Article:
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Gap cover gives you the gift of choice when it comes to robotic assisted surgery

Technology has revolutionised healthcare in many areas, and one that is seeing increasing use in South Africa is robotic assisted surgeries, with the first robotic assisted surgery done by a South African government hospital on 22 February 2022.
Source: Supplied: Tony Singleton, chief executive officer of Turnberry.
Source: Supplied: Tony Singleton, chief executive officer of Turnberry.

When compared to standard surgeries and even minimally invasive laparoscopic surgery, robotic assisted surgery provides benefits. However, it also comes at a significantly increased cost.

Medical schemes, in an effort to both accommodate members’ demands for the latest techniques and remain financially viable, will typically fund these surgeries up to a global fee, leaving members with a significant shortfall that needs to be covered out of pocket. This is where gap cover becomes essential, giving members the choice of the latest surgical solutions without incurring financial hardship.

The pros

Robotic assisted surgeries use robotics to enhance the abilities of human surgeons, for example, by greatly magnifying the area where surgery is to be performed, and by steadying the surgeon’s hand and using tiny instruments, for greater accuracy.

The upshot of these enhancements is the potential for smaller incisions, reduced blood loss, and recovery times are less, because the procedure is less invasive.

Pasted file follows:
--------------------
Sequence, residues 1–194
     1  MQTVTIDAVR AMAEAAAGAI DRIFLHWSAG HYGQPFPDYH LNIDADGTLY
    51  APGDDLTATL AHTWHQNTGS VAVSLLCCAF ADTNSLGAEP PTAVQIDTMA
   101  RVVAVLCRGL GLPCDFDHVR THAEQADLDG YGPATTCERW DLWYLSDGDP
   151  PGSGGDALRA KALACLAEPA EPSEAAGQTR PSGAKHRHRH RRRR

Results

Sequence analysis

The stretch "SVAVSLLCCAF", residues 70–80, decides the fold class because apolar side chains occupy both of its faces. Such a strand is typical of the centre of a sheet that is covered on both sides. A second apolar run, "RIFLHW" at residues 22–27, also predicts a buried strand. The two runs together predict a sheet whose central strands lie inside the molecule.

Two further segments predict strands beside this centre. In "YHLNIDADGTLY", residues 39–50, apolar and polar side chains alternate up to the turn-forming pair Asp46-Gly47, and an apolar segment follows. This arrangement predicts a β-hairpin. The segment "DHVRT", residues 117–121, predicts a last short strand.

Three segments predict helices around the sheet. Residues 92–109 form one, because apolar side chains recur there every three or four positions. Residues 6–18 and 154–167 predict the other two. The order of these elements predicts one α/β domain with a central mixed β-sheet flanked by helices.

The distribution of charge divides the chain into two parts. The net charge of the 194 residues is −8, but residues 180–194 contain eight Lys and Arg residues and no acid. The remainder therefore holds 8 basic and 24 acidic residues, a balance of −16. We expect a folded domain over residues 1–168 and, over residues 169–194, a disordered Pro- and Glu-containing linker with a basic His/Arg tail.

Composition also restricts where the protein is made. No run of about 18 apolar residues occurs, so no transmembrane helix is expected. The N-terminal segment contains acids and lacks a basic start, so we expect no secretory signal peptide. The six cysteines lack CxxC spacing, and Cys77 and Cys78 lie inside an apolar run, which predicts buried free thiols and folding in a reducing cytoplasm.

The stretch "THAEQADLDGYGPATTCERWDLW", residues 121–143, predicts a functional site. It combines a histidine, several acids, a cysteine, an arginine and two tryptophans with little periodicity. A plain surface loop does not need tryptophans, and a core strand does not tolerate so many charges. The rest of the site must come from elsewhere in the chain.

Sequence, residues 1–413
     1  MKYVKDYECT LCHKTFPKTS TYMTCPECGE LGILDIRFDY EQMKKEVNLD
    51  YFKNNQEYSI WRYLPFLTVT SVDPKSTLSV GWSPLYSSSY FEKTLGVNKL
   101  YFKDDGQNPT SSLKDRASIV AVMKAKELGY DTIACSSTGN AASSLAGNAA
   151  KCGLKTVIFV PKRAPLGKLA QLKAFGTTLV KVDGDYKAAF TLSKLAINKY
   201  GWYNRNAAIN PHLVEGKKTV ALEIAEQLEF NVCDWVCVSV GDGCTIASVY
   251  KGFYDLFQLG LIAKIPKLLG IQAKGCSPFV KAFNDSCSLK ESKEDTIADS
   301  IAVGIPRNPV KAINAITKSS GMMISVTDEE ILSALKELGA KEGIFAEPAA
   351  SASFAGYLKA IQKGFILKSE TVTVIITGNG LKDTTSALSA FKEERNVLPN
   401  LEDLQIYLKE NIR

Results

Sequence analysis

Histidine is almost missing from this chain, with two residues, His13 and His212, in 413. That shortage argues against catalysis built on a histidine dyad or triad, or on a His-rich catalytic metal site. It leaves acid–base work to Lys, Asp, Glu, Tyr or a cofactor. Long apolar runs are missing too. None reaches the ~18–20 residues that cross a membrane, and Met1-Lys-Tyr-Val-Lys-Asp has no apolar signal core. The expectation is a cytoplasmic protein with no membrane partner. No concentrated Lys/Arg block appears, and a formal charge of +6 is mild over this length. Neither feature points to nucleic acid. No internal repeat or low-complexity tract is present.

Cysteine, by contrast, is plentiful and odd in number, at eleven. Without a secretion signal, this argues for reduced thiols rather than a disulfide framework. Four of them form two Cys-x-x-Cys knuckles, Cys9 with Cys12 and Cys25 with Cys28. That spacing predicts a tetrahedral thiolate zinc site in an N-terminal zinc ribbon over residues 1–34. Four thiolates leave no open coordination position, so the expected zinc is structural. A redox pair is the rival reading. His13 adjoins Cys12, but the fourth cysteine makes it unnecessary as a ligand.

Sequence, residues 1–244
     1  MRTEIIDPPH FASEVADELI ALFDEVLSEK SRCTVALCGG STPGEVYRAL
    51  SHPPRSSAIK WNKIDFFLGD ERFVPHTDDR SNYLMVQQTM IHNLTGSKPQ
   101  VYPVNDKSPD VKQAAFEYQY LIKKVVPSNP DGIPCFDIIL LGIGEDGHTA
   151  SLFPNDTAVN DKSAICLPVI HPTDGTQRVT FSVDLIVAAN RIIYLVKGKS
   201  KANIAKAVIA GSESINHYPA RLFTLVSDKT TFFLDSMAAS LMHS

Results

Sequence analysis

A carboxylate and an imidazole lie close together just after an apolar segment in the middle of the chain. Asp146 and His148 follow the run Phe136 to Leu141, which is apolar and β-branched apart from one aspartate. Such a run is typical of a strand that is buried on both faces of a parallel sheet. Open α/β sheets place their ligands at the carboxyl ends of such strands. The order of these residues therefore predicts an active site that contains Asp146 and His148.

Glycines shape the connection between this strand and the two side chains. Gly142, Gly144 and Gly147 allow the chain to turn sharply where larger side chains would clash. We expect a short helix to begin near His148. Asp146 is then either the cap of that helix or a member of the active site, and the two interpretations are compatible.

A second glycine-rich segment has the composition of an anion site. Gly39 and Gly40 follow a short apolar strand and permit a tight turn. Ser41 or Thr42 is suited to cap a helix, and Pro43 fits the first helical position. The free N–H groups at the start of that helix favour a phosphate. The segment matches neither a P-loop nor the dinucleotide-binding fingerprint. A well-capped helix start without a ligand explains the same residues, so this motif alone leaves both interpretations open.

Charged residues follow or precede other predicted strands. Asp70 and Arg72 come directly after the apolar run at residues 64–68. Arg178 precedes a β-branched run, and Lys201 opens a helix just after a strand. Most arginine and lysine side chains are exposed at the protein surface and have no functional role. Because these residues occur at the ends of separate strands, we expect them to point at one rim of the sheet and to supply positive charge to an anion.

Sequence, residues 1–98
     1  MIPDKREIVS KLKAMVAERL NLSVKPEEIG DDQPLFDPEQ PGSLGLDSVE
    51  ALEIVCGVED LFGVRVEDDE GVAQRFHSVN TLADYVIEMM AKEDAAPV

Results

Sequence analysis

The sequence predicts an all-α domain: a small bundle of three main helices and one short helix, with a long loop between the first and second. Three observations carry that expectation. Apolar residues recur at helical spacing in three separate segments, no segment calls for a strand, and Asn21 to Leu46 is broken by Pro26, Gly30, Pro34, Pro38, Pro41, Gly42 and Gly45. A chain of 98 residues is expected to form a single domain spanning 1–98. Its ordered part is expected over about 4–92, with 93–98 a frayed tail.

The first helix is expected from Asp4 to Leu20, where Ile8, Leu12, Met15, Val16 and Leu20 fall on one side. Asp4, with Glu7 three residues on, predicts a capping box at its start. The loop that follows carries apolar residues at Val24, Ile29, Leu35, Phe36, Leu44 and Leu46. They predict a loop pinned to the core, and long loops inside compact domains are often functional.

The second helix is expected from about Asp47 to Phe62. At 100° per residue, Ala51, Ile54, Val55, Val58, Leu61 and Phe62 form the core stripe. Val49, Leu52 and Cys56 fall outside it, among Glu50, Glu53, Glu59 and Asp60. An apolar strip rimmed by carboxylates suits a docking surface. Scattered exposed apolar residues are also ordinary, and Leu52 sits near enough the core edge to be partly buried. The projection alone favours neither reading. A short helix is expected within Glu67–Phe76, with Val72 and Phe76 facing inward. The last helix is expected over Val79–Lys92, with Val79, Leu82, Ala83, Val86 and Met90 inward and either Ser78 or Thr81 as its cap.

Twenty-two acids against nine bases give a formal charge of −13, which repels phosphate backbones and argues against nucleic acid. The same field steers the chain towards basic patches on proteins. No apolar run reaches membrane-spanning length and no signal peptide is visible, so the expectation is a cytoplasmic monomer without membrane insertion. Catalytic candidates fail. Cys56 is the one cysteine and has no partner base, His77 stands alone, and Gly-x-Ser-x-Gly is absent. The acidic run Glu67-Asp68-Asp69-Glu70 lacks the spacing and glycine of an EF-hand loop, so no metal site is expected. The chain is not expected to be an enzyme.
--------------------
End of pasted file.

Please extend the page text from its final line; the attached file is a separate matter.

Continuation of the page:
In South Africa, the most common robotic assisted surgery is a prostatectomy, but these techniques and machines can be used for a range of procedures, from cardiac to colorectal, gynaecological, general surgery, head and neck surgery, thoracic or chest surgery and other urology procedures.

The cons

The technology used for robotic assisted procedures is expensive, which makes the cost of the procedures themselves higher than open surgery or laparoscopy.

Medical schemes always walk a tight rope of trying to balance giving patients the latest procedures while also maintaining financial stability and managing risk, which is why this type of procedure is not typically funded in full.

Medical schemes will provide funding up to a global fee, which is usually what the cost of a more traditional surgery would have been, and this will not cover the full cost of the robotic assisted procedure. The balance of the cost will need to be funded from the member’s pocket, and the shortfalls can be quite significant.

The gift of choice

When robotic assisted procedures are recommended by a doctor, it is always advisable to obtain a quote for the surgery and then contact the medical scheme to find out exactly what will be covered and how it will be covered.

Medical schemes all differ in their rates and coverage depending on both the scheme and the plan, as well as the specific surgery, so this exercise is always worthwhile.

Having gap cover in place means that medical-scheme members have the ability to choose minimally invasive robotic assisted surgery without the fear of financial hardship due to medical-expense shortfalls. Gap-cover policies will assist members by paying for these shortfalls under sublimit cover.

Robotic assisted surgeries have huge benefits from a patient recovery perspective, and they are being used more and more often, with new technologies being developed all the time.

To have the best options for yourself and your family, speak to your financial advisor to understand how these surgeries are covered by your plan and how gap cover can assist.

About Tony Singleton

Tony Singleton is the chief executive officer of Turnberry

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